Elderberry Park: This quaint downtown park is named after the delicious fruiting shrub. Enjoy romantic views of Cook Inlet from the swing set and tour Anchorage's oldest standing home, the Oscar Anderson House. Hannahcove Garden: Stop and reflect at this memorial rock garden to Alaskan children lost before their time. Enjoy the wildflowers and trees, including a flex pine from interior Alaska and a sculpted larch. Rest on boulders brought in from the Chugiak Range (to the east) while viewing the immense mountains of the Alaska Range (to the north).
Wooden Bridge: Over Marsh Look for tall, furry cattail plants, and listen for the mating call of the northern wood frog which sounds like the quacking of a duck.
Westchester Lagoon: Burn some calories on the public outdoor workout station. Spot waterfowl, such as Red—necked Grebes with their large floating nests and Canada geese, which feed on the open lawns.
Fish Creek Bridge: This short wooden bridge crosses a popular salmon fishing creek. Downriver you'll see deep channels that the creek has carved into the mud flats. In late summer, salmon migrate up to the estuary to spawn.
Beach: Jump off the trail and comb the beaches of Anchorage. At low tide you can touch the dense glacial silt of the mudflats (but do not walk on them). Unlike sandy beaches of the south, pebbles and gravel left by glaciers coat the shoreline.
Lynn Ary Park: Enjoy the baseball fields, tennis courts, and playground. This is also a perfect spot to view Mt. Susitna, or Sleeping Lady, named after a native Alaskan legend, which says the mountain lady will awaken when her lover returns from battle with news of peace.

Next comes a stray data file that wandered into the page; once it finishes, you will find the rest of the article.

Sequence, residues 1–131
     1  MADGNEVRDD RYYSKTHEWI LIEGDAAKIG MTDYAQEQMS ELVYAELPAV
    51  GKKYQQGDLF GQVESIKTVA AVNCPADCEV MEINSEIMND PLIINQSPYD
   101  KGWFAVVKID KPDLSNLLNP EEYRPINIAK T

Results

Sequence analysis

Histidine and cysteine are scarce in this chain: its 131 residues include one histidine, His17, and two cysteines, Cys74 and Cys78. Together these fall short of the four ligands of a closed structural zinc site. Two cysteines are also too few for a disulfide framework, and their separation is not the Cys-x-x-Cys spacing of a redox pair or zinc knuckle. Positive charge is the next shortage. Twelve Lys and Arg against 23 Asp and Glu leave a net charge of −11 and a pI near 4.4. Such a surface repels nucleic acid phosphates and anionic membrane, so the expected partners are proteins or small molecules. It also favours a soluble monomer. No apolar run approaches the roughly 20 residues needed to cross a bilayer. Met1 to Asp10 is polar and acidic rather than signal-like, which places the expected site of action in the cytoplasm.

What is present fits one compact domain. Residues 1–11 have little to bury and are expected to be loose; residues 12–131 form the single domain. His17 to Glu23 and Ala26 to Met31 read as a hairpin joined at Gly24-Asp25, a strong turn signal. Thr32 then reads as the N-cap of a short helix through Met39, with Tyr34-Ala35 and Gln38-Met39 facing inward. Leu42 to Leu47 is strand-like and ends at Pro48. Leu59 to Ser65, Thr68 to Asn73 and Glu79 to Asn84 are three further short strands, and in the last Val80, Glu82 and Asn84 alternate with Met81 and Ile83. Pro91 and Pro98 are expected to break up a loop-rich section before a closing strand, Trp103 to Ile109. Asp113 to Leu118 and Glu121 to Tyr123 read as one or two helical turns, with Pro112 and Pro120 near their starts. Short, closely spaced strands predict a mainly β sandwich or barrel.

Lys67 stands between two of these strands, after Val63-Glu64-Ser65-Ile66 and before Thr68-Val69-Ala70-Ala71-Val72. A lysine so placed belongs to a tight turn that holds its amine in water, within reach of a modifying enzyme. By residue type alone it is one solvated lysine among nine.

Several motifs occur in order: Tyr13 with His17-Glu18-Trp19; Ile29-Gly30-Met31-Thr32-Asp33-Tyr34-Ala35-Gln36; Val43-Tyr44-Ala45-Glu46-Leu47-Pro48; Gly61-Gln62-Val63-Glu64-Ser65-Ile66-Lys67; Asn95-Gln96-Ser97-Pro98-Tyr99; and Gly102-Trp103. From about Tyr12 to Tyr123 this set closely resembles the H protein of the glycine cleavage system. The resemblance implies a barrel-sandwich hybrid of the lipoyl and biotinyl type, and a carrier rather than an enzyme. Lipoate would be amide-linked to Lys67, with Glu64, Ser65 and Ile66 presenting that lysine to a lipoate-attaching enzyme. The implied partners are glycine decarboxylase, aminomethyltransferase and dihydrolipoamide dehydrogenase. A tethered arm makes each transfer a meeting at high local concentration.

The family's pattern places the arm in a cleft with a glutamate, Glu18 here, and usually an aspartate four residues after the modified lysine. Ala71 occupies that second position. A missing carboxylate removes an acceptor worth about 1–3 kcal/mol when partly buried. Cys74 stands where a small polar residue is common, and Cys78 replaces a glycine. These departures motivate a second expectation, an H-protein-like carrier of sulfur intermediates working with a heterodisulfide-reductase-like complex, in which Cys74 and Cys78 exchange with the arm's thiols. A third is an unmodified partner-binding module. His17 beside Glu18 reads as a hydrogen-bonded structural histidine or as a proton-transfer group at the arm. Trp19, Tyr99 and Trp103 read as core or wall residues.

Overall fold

Benches: With Downtown View Catch your breath and soak in the city views as you prepare to enter the more forested section of the trail.
Earthquake Park Exhibits: Describing how the 1964 earthquake shelved off a huge swath of land here. Take a short side trek on the spur trail to distinguish between thick white spruce on one side of the trail and scraggly black spruce on the other.
Old—Growth: Grove Undisturbed by the earthquake or development, the old—growth trees in this location are more knotted than in other parts of the trail where the vegetation is more recent. Notice the heavily armored cottonwood trees and birches with enormous burls.
Volcano Vantage: Breaks in the trees along the trail reveal views of some of Alaska's living volcanoes, including Mt. Redoubt and Mt. Spurr. The latter blanketed Anchorage in ash during an eruption in 1992.
Click here for printable version of the map.